Groundwater ‘pit stops’ enabled survival and migration of our ancient ancestors

African groundwater helped kick-start the evolutionary history of humans, with the movement of our ancestors across East Africa shaped by the location of springs, new research suggests.

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Lake Nakuru National Park in Kenya, Africa. Photo: Shutterstock

African groundwater played an important role in kick-starting the evolutionary history of humans, with the movement of our ancestors across East Africa shaped by the location of springs, new research suggests.

A team led by Dr Mark Cuthbert of the University of Cardiff, who is also a Visiting Research Fellow at UNSW, argue in a new study that the groundwater springs acted as pit stops to allow early humans to survive as they moved across the African landscape.

The team believe that populations were able to mix with each other at these junctions, influencing genetic diversity and, ultimately, the evolution of the human population.

The results of the study are published in the journal Nature Communications.

Humans are thought to have first evolved in Africa, and evidence currently suggests that early humans first migrated out of the continent probably between 2 million and 1.8 million years ago.

New research has looked at the migration patterns of our human ancestors across Africa, using water sources as 'pit stops' as they moved across the landscape.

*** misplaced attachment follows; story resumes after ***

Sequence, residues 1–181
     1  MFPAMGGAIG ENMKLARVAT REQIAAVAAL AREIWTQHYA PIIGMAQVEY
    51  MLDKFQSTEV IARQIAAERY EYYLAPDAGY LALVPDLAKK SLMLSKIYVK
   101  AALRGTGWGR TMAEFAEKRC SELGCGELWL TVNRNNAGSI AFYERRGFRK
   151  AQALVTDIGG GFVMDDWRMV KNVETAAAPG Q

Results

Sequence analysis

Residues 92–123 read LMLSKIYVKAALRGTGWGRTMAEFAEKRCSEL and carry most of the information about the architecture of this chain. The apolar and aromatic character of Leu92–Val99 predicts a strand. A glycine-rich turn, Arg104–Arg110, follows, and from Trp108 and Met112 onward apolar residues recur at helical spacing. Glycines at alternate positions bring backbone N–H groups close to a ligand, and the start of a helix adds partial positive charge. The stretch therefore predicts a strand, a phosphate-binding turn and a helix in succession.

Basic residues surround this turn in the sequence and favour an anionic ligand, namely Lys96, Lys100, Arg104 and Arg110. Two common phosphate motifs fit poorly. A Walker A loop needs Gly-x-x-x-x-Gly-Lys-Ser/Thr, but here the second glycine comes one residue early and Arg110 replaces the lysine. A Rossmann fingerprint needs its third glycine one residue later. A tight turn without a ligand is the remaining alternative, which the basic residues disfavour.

During this time, rainfall was affected by the African monsoon, which strengthened and weakened on a 23,000-year cycle driven by the precession of the equinoxes. During intense periods of aridity, monsoon rains would have been light and drinking water in short supply.

By mapping persistent springs across the African landscape, the researchers have been able to model how our ancestors may have moved between water sources at different times and how this impacted their ability to traverse the landscape as the climate changed.

“We found that the geology is really important in controlling how much rainfall gets stored in the ground during wet periods. Modelling the springs showed that many could still flow during long dry periods because this groundwater store acts like a buffer against climate change," says Dr Cuthbert.

“As such, we begin to see that the geology, and not just the climate, control the availability of water – the landscape was a catalyst for change in Africa.”

Study co-author Professor Matthew Bennett of Bournemouth University says: “What we are seeing is the movement of people across vast areas of land. You can think of springs as the service stations or rest stops along the way, where people would be drawn to get their vital water sources.

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The lakes of the African Rift Valley. SeaWiFS Project, NASA/Goddard Space Flight Center, and ORBIMAGE

“Through our mapping we have found the routes on the current landscape by which our ancestors may have walked, like motorways, taking people from one water source to the next. This is another vital clue in understanding how these people migrated across the African continent, from water source to source, and how this may have impacted on gene flow and mixing.”

Director of the UNSW Connected Waters Initiative Research Centre, Dr Martin Andersen, says: “The concepts in this paper have big implications for our understanding of the role of groundwater in providing permanent water to allow historic survival and migration of humans in arid and semi-arid landscapes – not just in Africa, but also here in Australia.”

The research was conducted by a collaborative team of academics from Cardiff University, University of Birmingham, University College London, UNSW Sydney, Bournemouth University, Rutgers University (USA) and the University of Victoria (Canada).